More of a conversation than an autobiography, this is still an interesting insight into some of the more under-covered elements of the British wrestling business.
Storm was a Scottish wrestler who divided his time between Joint Promotions and the independent circuit, two factors which meant he didn’t have television exposure or national attention. However, he did have a lengthy career working with some top stars and in a way his status lends to the appeal of the book.
It appears to have been adapted from an initial draft as a stage or screenplay and is presented in the form of a fictionalised conversation with a journalist set in 1984. It’s a device that’s sometimes a little strained: the Storm of 1984 has some remarkable foresight at times, while the conversation seems exceptionally long.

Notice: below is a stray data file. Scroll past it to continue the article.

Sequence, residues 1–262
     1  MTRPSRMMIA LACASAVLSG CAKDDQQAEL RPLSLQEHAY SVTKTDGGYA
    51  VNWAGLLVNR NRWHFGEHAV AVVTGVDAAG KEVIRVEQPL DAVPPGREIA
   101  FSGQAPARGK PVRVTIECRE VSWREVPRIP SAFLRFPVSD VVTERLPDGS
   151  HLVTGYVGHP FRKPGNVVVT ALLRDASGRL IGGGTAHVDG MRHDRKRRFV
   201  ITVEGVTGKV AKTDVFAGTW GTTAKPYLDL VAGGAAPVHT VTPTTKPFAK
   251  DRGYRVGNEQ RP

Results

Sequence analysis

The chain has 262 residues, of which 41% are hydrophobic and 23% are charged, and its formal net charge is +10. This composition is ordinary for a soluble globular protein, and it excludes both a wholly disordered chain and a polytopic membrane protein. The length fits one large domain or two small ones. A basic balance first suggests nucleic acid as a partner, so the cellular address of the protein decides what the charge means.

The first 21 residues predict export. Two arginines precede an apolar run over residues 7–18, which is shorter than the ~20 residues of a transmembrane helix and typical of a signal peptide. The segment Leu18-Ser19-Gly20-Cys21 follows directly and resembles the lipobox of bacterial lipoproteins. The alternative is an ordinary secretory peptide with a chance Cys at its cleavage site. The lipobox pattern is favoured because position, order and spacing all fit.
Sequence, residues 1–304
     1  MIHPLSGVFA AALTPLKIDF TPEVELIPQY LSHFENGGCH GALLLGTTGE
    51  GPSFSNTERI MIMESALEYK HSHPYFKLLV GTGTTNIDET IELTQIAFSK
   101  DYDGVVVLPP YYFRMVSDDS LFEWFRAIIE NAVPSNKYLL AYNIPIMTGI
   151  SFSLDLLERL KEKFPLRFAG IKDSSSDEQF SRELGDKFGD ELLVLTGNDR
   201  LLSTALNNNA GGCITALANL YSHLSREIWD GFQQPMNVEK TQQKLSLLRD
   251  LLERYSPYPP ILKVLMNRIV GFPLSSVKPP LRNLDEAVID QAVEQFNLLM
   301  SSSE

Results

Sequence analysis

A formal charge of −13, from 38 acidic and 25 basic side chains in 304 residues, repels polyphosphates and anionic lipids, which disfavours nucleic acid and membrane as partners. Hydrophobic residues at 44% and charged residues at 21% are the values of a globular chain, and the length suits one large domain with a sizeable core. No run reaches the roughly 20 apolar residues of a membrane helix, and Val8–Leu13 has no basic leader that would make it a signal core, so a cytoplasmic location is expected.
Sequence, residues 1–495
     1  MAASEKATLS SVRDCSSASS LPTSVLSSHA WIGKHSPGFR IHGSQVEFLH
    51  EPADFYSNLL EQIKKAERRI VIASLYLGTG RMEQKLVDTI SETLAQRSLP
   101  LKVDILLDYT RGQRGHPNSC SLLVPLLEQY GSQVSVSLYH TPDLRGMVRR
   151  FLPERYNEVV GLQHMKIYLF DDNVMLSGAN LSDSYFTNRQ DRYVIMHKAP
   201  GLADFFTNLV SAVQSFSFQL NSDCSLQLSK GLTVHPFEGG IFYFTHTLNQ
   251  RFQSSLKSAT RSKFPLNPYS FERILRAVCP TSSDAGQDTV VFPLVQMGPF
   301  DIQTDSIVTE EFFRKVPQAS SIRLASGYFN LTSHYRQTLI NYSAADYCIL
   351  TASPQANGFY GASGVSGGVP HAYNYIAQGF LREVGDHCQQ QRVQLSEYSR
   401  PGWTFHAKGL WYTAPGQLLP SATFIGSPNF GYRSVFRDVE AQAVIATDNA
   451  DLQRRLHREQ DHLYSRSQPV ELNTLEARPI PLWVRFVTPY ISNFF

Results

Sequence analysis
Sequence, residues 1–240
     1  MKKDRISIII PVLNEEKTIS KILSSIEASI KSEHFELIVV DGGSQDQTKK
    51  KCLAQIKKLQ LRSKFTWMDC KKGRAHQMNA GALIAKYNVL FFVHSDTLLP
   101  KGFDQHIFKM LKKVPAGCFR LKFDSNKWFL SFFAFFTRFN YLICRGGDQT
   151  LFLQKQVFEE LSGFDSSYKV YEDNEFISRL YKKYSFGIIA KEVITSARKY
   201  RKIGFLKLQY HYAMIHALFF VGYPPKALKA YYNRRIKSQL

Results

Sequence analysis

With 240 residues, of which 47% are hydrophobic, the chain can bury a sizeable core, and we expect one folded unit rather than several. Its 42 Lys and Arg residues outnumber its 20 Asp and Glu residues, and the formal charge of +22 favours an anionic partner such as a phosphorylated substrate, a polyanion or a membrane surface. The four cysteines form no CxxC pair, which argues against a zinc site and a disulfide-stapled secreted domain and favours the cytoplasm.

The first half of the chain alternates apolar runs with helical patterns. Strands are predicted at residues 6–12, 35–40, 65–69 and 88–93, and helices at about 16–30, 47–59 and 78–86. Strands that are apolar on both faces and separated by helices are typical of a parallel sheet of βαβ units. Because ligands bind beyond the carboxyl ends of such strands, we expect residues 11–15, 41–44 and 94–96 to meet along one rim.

That said, it does allow Storm to cover many elements of his career and experiences in wrestling without having to group it by theme or chronologically, and it certainly conveys what it must be like to listen to him holding court.
Some parts of the story are specific to the Scottish scene, particularly the independents in more remote venues. However, there’s also some fascinating insight into the wrestling business, in particular the dangers of wrestlers having the ability to generate heat without the instincts and skills to bring a crowd back down when necessary.
It’s a lengthy read and not one that will leave you feeling short-changed, though could have used a little tighter editing as some stories and memories are repeated.